A Camp Carrot Cheer for Good Nutrition utilizes colorful illustrations and rhyme to inspire young children to make good nutritional choices. In light of recent studies regarding the long-term detrimental effects of childhood obesity, as well as First Lady Michelle Obama’s focus on nutritional education, the topic is timely.
Patsy E. Thomas strives to set a tone of excitement and enthusiasm in her effort to direct kids toward healthy eating. She employs simple language and vibrant pictures to engage and inform her audience. However, the book falters in several essential areas.
While the illustrations are appealing, their artistic style differs from one page to the next. An illustrator is not credited, and the pictures have a stock-art feel. Typos and questionable grammar reduce the book’s editorial quality.
Young children often respond to catchy rhythms, and some of Thomas’ rhymes do work well. However, many of them miss the mark in either content or cadence—and sometimes both—with the result seeming forced: “Eating bananas is good and funky / They’re a great food source even for a monkey.”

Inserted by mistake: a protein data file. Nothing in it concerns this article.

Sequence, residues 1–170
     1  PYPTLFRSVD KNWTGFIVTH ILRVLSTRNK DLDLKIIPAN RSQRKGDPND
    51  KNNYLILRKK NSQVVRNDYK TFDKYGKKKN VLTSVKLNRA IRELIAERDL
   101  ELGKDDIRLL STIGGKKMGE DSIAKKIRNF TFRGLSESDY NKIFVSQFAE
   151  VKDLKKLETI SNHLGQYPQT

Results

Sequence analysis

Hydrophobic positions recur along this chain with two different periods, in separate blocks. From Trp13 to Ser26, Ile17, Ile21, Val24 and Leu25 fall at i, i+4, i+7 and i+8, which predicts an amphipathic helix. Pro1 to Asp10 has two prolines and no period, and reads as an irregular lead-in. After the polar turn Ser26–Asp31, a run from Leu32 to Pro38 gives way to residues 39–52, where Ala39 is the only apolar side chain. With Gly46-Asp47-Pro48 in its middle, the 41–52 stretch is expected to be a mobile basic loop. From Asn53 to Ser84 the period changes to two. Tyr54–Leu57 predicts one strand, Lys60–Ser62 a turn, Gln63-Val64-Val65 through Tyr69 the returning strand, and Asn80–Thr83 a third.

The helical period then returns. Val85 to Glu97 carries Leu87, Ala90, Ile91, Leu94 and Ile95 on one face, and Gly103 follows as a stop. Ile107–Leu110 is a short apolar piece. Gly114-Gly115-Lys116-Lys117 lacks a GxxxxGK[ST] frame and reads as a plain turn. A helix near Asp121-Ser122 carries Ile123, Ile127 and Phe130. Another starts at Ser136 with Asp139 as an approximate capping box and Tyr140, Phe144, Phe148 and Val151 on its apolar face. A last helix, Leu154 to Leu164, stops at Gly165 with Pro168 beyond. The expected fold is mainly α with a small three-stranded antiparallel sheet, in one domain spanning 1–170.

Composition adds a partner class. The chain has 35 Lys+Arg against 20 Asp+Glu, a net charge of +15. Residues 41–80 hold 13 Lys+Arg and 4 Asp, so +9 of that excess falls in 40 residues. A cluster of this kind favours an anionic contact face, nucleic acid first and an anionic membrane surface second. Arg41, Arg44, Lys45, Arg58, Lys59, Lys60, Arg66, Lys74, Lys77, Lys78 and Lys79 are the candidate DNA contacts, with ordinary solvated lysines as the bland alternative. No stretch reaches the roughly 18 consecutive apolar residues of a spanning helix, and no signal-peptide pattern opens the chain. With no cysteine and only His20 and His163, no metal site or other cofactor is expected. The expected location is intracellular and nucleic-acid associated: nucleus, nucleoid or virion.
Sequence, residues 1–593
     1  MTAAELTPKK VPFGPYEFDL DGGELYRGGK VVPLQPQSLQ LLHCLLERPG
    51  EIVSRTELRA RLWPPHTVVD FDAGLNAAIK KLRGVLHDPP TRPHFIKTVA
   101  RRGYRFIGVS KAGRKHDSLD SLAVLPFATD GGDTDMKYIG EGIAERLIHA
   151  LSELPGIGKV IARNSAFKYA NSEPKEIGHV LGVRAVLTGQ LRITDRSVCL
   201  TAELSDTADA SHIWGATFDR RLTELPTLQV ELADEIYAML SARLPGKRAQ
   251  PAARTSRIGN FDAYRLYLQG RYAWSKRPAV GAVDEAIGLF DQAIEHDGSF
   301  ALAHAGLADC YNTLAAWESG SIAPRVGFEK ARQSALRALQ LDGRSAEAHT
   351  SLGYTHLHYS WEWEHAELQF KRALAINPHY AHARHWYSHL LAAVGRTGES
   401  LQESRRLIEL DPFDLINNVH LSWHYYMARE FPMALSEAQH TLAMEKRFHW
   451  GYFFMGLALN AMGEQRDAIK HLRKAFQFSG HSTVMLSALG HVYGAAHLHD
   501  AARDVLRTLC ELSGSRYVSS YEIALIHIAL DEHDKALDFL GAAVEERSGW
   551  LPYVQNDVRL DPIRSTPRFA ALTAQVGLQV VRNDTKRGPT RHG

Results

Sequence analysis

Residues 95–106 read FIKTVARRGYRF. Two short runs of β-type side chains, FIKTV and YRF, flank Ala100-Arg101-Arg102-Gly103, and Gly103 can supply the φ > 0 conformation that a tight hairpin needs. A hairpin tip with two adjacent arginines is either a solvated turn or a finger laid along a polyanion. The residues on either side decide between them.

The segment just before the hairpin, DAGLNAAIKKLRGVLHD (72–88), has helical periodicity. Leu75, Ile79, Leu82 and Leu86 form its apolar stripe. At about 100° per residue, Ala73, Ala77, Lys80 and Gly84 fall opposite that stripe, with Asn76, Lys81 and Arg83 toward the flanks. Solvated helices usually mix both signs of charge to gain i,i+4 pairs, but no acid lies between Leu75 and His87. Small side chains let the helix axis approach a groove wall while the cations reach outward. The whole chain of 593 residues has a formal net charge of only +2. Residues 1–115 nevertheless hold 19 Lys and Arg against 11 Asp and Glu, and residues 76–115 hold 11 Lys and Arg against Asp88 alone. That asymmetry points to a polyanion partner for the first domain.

While the book contains an important message, it would prove more effective if the information relied on modern standards of nutrition. For instance, parents may question the inclusion of both butter and ice cream in the author’s list of good sources of calcium and vitamins. Additionally, USDA guidelines have recently been updated, including the change from a food pyramid to “My Plate,” a more straightforward guide to healthy eating. Thomas’ book would have more current relevance had she incorporated the government’s new guidelines into her content.
A Camp Carrot Cheer for Good Nutrition is Thomas’ first book, though she has since published another and currently has a third in the works. Thomas credits her grandchildren and the lessons she tries to teach them as her inspiration.
While the subject matter is worthy, parents and caregivers are more likely to seek out books that include current information and approachable, memorable rhymes. A Camp Carrot Cheer for Good Nutrition simply lacks the polish and content necessary to compete with other children’s publications about healthy eating habits.